I grew up just south of the Canadian (Quebec) border. I’ve visited Montreal many times but only visited Quebec City for the first time in 2017. It’s a four and a half hour drive from my home in central Vermont. That’s a fairly long way through rural, Quebec farmland, along twisty, crooked, dark, two lane roads. But as we crested over the final hill before descending down into Quebec City and saw the city’s evening lights sparking in the valley ahead, I knew we were in for a treat. And I was not wrong.
Whether or not you choose to lay your head here while in town, you should, without a doubt, pay a visit. It’s the large, unmistakable building at the top of the hill. It’s beautiful. And it deserves your time. Access to the lobby space is completely open and free. There is a hallway off that lobby with a number of shops along with an art gallery which has a selection of Andy Warhol’s just hanging about (they’re for sale, should your pockets reach that deep).
At the end of that hallway are the bars and restaurants. There are three options: Bistro Le Sam, a restaurant which accepts reservations and does not have a dress code; Champlain Restaurant, which also accepts reservations but has a smart casual dress code; and 1608 – wine & cheese bar which neither accepts reservations nor has a dress code. That’s where I ended up. There is a line up for a table or spot at the bar, and if you leave the line, you forfeit your seat. I arrived with a friend (party of 2) on a Saturday evening around 7:00 PM and we waited about 20 minutes before being seated at the bar. It is a big space and tables turn over fairly quickly so don’t be discouraged by a queue, you’ll be with drink in hand and cheese in belly in absolutely no time.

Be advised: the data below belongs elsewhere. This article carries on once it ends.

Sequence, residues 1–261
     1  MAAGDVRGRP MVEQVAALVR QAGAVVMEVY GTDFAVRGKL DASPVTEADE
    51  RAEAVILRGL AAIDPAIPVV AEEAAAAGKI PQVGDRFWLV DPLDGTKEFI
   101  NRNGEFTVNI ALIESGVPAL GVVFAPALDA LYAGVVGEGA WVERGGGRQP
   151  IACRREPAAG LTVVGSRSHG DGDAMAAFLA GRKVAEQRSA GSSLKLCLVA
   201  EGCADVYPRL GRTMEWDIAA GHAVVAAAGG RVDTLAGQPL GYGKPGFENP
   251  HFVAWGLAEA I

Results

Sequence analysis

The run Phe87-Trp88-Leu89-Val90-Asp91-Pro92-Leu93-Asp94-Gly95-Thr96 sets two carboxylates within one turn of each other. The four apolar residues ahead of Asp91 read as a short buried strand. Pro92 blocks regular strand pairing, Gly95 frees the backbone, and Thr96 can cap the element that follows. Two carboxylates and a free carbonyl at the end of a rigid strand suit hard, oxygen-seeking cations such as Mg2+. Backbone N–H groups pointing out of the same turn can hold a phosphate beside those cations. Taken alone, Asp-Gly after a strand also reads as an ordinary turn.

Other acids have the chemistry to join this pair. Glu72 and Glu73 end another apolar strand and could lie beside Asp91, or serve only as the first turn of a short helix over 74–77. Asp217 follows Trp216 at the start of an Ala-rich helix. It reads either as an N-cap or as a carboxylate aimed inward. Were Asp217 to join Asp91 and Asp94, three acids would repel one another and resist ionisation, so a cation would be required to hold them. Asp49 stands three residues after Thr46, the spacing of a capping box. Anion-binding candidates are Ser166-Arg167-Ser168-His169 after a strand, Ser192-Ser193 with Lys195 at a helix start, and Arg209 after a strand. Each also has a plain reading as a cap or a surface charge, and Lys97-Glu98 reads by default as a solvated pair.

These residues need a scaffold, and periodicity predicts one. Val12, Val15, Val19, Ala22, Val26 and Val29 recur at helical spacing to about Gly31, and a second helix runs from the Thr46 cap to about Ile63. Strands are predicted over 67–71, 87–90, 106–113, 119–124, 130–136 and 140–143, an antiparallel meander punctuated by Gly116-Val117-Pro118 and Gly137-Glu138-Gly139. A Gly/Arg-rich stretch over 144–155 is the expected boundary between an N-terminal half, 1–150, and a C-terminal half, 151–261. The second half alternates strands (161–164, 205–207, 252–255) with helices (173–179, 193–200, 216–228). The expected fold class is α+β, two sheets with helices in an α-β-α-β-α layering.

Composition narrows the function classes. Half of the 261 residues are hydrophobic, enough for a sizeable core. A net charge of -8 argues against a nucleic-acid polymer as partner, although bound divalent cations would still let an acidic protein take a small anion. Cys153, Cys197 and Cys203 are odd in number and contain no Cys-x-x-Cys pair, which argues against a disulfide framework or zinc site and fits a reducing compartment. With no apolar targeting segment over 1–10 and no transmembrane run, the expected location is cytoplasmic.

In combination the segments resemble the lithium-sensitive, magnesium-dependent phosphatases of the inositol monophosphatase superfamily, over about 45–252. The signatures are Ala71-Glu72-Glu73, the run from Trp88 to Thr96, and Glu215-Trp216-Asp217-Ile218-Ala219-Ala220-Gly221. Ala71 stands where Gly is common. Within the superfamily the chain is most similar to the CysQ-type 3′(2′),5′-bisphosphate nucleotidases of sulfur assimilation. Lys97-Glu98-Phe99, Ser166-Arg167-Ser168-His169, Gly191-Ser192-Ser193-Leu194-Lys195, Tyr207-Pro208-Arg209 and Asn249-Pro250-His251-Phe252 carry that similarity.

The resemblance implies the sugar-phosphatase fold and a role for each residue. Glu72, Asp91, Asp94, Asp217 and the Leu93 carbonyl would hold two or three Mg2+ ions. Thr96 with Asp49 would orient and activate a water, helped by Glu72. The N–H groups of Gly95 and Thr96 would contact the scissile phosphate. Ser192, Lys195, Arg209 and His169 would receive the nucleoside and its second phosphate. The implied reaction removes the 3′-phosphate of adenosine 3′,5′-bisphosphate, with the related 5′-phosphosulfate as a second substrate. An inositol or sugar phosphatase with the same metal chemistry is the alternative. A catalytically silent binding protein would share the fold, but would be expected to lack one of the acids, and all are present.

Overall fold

Look past the large Chateau and see three toboggans zipping down the hill at speeds of up to 45 miles per hour! The runs are open from approximately mid-December to mid-March but that can vary depending on weather conditions. The system is pretty loose and the toboggans just hang out waiting for a taker at the bottom of the hill. I actually climbed up before buying a ticket which was not what I was meant to do, whoops! Luckily, the Canadians are as kind as you think and the man at the top lets my friend and I sled down and pay once we returned to the bottom, with no guarantee we actually would. (We did. Of course.)
Try not to follow my example. At the end of the run you (might) see a man selling tickets, give him your $3.00 per person in exchange for a ticket which you’ll present once you make your way to the top. Then, get your camera ready for a slightly terrifying, but absolutely exhilarating, ride down the hill!
From mid-November through December 23rd you’ll find the enchanting and romantic Christmas markets around the place de l’Hôtel-de-Ville (town hall). A number of temporary wooden stalls, modeled after the German markets, take up the square. The air is filled with the smell of warm, spiced wine, roasting sausages and fried dough. Fairy lights twinkle as the sun sets and the entire scene is set to be your next Instagram backdrop.